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All-weather fields open at Lake Tye Park

Michael Whitney photo

Olivia Llamas, who plays on the Sky Valley Little League softball team, watches as the ribbon she just cut falls during the grand opening ceremony of the Lake Tye Park All-weather Lighted Fields on Thursday, Aug. 5. She is surrounded by players in youth softball, baseball, lacrosse and soccer teams and a row of elected officials. Mayor Geoffrey Thomas is in front kneeling next to Llamas.

MONROE — The city’s new lighted, all-weather playing fields at Lake Tye Park are ready for play.
The community came for a small ceremony last week. 
City parks director Mike Farrell beamed. This was his day. “It’s eight years in the making,” he said. “It’s going to be well-used.”
The city turned an unlit grass area into today’s multi-use field with synthetic turf and LED lights.
Players from the Sky Valley Little League, a soccer team and a  lacrosse team all joined for the ribbon-cutting toe-to-toe with dignitaries. Then, Mayor Geoffrey Thomas huddled the kids, roused them with a pep talk of making Monroe proud and sent them to play.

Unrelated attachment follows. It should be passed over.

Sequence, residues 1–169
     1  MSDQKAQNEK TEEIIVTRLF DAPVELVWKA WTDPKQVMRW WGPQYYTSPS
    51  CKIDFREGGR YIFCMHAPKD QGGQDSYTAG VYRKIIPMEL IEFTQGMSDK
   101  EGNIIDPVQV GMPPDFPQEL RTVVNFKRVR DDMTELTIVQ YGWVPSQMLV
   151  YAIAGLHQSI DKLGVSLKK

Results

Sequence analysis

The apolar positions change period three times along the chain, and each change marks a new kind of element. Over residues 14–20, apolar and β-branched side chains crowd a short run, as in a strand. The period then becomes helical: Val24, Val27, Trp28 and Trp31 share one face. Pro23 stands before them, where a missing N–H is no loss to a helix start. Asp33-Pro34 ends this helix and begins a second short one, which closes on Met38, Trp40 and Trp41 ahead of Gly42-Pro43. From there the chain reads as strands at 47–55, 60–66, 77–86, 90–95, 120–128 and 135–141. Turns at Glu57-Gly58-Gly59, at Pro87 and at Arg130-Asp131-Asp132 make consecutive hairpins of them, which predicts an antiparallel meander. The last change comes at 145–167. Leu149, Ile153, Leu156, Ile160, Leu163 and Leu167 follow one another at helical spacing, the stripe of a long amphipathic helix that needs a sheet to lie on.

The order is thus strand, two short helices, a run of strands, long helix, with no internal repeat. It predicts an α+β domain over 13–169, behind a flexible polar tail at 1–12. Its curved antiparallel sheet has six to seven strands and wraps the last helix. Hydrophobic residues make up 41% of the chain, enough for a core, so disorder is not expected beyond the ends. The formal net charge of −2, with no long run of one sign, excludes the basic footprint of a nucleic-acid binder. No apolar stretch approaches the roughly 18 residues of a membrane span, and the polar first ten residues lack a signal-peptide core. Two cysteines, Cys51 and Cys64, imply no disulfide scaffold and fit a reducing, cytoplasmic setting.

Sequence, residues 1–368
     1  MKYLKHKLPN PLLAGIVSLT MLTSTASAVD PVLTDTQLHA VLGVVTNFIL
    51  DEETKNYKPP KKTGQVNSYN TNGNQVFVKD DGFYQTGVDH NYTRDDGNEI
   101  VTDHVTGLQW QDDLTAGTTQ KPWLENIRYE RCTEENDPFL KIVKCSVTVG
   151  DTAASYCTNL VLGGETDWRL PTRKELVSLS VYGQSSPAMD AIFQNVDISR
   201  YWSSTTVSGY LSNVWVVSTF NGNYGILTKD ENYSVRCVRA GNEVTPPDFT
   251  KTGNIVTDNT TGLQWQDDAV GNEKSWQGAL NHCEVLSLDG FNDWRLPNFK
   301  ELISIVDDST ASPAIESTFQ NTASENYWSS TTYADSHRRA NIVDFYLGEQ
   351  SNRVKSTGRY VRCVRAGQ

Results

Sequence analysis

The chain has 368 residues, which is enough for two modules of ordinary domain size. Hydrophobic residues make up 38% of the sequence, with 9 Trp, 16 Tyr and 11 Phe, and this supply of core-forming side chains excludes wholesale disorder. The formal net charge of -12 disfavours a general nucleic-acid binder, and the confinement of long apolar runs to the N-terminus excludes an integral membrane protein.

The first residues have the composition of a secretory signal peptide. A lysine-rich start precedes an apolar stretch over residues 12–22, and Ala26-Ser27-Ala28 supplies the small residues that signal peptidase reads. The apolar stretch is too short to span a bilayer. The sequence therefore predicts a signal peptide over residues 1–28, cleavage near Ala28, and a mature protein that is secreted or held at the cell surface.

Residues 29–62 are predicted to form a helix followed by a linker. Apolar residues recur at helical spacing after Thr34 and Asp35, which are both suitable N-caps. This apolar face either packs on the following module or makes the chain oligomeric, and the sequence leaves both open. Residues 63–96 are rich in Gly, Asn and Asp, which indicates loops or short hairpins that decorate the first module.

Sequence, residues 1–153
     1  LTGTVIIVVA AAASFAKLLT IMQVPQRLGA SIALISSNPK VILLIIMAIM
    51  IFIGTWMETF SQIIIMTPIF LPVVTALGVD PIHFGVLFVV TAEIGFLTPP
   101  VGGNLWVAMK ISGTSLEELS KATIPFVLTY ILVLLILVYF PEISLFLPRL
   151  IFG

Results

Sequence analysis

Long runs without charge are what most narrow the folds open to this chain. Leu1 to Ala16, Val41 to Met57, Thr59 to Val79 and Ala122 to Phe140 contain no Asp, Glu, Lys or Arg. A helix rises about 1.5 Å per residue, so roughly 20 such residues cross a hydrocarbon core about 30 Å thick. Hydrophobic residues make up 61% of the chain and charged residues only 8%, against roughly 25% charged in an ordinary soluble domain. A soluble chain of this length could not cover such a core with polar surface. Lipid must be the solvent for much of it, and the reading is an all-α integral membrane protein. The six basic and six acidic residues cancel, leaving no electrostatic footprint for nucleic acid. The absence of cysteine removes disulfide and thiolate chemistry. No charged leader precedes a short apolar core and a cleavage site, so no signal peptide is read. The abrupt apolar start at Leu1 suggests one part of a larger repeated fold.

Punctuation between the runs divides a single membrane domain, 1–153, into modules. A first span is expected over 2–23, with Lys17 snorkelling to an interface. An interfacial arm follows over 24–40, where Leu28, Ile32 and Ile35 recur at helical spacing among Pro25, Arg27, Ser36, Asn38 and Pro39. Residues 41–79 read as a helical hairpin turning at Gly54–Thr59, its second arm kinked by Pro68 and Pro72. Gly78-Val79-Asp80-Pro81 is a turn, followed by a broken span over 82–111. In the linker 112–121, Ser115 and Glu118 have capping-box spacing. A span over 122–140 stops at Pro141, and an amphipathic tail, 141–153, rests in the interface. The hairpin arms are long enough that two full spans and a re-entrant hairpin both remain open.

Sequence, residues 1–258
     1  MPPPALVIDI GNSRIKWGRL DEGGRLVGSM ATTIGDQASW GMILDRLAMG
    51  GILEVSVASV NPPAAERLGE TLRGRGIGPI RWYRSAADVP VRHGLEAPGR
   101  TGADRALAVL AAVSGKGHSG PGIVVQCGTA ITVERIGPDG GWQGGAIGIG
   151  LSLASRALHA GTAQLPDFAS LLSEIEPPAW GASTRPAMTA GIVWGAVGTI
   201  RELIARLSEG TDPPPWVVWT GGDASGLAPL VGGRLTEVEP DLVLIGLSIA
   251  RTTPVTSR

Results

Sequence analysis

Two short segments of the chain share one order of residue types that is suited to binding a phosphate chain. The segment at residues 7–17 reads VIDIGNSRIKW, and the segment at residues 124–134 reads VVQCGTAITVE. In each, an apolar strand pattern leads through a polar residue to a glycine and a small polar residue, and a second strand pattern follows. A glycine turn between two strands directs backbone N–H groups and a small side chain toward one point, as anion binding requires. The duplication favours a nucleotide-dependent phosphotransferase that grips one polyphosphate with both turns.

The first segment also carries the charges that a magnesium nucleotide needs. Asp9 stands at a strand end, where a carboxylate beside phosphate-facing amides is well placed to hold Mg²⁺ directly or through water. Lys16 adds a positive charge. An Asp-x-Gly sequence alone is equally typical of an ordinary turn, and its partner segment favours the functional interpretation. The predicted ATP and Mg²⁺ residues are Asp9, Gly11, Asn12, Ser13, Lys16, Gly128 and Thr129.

The fields are marked with overlapping lines for soccer, baseball, lacrosse and other sports. Everything’s interchangeable: soccer goals can be moved around and a raised pitcher’s mound can be detached from the field.
The lights could encourage adult club-sport play in the evenings, Thomas mentioned.
They’ll use 60 percent less energy than old sodium lamps seen at stadiums, Farrell said, and staff can switch them on and off from a phone app.
10 p.m. will be the latest they’ll be lit, Farrell said. They are directed to illuminate the field without shining into neighbor’s windows.
The fields will refuse to be waterlogged. Under the surface of crumb rubber and artificial turf are pipes that stream rainwater to Lake Tye.
It took $4 million, including money from government grant offices and a $10,000 donation from Sky Valley Little League, to make it happen.
The ability for year-round play is a big upgrade from the prior grass, officials said. Thomas, who coached kids’ lacrosse, described how lacrosse practice on the old fields would occur each January with rutted wet grass underfoot. 
The new multi-use fields could also boost Monroe’s profile for sports events, county sports tourism director Tammy Dunn said.




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